Fall in stock volatility may not last long
Investors don't need a newspaper columnist to tell them that the last year has seen some terrifying stock market volatility.
After three years of exceptionally calm trading with only small day-to-day price movements, the Hong Kong stock market went crazy around about the end of July last year.
Suddenly prices began swinging wildly, with annualised 10-day volatility shooting higher, from a level typically between 10 and 20 per cent, to reach fully 100 per cent in mid-January 2008. It has since subsided, but at a shade over 20 per cent, stock market volatility remains well above the levels that prevailed for most of the last four years.
Of course, volatility cuts both ways. Ordinary investors, who tend to buy stocks and hold them (if only briefly) like periods of volatility during which the market climbs, and loathe and fear volatile times in which the market falls.
Unfortunately, however, volatility is unequally distributed. Experience tells us that markets tend to plod higher, then plunge lower, which means unusual price swings usually hurt rather than help the ordinary share buyer.
Clearly the level of market volatility is important. But working out what drives volatility is hard, and attempting to forecast it is fiendishly tricky.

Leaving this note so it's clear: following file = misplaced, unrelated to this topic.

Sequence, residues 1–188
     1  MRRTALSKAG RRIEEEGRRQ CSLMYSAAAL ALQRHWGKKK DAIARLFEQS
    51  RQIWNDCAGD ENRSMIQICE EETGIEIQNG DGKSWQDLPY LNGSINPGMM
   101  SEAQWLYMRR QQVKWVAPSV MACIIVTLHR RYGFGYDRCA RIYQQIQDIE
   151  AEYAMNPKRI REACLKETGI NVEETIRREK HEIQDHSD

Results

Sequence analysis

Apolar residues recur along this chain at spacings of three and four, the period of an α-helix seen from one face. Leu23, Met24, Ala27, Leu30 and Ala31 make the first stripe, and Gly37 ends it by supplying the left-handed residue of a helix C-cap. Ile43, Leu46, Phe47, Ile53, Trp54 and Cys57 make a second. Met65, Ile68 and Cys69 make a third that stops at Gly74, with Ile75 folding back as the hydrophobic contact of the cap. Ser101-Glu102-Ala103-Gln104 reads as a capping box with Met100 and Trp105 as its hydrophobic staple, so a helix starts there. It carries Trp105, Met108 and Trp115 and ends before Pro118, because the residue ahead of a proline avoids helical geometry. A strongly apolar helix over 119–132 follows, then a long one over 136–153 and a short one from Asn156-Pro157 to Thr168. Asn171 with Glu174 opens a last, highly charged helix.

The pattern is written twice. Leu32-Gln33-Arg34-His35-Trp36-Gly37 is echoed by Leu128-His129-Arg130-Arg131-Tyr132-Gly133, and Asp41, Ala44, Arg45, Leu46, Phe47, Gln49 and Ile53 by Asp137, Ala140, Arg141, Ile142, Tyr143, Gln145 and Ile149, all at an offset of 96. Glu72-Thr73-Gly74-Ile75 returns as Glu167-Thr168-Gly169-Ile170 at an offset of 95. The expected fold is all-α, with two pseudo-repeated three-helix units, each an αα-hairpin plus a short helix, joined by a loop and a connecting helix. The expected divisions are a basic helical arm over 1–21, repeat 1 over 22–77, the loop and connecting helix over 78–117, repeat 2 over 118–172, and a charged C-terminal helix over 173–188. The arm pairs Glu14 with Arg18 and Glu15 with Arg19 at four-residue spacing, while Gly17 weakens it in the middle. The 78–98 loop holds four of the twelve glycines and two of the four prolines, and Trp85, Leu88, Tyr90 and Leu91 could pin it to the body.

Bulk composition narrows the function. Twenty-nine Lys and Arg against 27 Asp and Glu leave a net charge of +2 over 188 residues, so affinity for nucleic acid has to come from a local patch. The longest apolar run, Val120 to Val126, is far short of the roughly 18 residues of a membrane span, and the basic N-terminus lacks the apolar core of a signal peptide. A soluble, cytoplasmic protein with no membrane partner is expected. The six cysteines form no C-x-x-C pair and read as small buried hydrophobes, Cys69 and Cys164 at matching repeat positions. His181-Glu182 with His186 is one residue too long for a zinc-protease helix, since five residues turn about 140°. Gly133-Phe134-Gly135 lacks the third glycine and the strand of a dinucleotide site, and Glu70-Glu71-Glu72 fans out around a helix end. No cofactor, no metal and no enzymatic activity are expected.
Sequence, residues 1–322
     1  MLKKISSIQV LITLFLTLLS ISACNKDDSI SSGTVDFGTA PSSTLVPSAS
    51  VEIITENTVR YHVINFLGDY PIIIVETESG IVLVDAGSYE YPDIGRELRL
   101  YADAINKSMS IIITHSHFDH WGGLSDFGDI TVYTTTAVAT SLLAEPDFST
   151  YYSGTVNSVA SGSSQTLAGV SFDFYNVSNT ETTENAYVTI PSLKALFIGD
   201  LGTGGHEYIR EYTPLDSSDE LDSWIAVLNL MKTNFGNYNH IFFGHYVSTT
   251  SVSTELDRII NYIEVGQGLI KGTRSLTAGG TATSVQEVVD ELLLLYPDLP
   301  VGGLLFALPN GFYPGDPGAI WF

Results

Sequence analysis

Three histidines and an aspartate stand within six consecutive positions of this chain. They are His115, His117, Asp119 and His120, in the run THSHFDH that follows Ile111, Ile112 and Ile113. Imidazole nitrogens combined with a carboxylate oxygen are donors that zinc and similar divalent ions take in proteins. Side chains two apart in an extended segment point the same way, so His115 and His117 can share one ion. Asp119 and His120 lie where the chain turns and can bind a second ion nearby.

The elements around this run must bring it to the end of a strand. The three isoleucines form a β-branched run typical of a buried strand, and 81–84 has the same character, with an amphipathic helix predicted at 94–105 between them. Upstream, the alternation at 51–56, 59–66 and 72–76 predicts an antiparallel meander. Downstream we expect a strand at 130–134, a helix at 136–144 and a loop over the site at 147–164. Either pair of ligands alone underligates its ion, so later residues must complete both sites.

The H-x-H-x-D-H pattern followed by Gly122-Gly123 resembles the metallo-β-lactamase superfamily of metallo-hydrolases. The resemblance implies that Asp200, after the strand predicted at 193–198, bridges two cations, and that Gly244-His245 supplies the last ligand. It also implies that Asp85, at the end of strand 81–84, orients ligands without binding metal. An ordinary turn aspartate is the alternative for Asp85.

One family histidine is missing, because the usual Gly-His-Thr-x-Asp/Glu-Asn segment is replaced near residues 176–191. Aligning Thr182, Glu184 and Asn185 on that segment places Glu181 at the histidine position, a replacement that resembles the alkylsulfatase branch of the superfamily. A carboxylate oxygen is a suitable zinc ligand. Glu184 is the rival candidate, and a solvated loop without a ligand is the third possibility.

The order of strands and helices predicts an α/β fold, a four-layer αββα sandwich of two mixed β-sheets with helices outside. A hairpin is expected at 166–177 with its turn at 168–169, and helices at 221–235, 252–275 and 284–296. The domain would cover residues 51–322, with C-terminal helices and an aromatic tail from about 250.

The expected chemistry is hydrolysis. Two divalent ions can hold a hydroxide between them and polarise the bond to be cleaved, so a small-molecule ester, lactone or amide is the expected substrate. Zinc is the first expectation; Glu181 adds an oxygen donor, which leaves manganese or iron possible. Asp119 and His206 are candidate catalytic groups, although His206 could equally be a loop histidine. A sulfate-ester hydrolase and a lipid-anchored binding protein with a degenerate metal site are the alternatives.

Despite the difficulty, Gary Evans and his team of equity strategists at HSBC have had a go.
First, they looked in the obvious places. No, volatility has no obvious relationship with market turnover. Illiquidity, it seems, does not necessarily exaggerate price movements, as many believe. Nor is there any clear correlation between the volatility of underlying fundamental factors like economic growth and stock market volatility.
Then they discovered something interesting. Volatility is correlated with interest rates. When rates rise, so does the violence of stock market price swings, although often with a time lag.
For the Hang Seng Index, the relationship holds even with no time lag. For H shares, the correlation with mainland rates works best with a six month lag.
This correlation should not be too surprising. Higher interest rates equate to greater uncertainty for economies, companies and investors, and uncertainty means volatility. Moreover, in times of high interest rates, ordinary buy and hold investors, who tend to look for absolute rather than relative returns, will often opt to keep their money in the bank, destabilising stock markets.
By now this is probably sounding alarm bells. Hong Kong interbank rates have risen by around half a percentage point in the last few weeks, and futures markets are pricing in a similar rise in US rates before the end of the year. If they are right, we could soon see another rise in stock market volatility.
This is all very interesting, but of course what really drives volatility is not interest rates but the eternal tug of war between greed and fear.
Volatility rises when either reaches extremes. Levels of volatility rise in a stock market bubble as greed triumphs over common sense and investors rush to buy before they miss the opportunity, driving prices sharply upward. Then when the market rolls over, volatility shoots even higher as frightened shareholders all attempt to dump stock simultaneously and prices collapse.
Now perhaps if Mr Evans and his crew can come up with a way to measure greed and fear - a way which does not rely on stock market volatility - we will really be getting somewhere.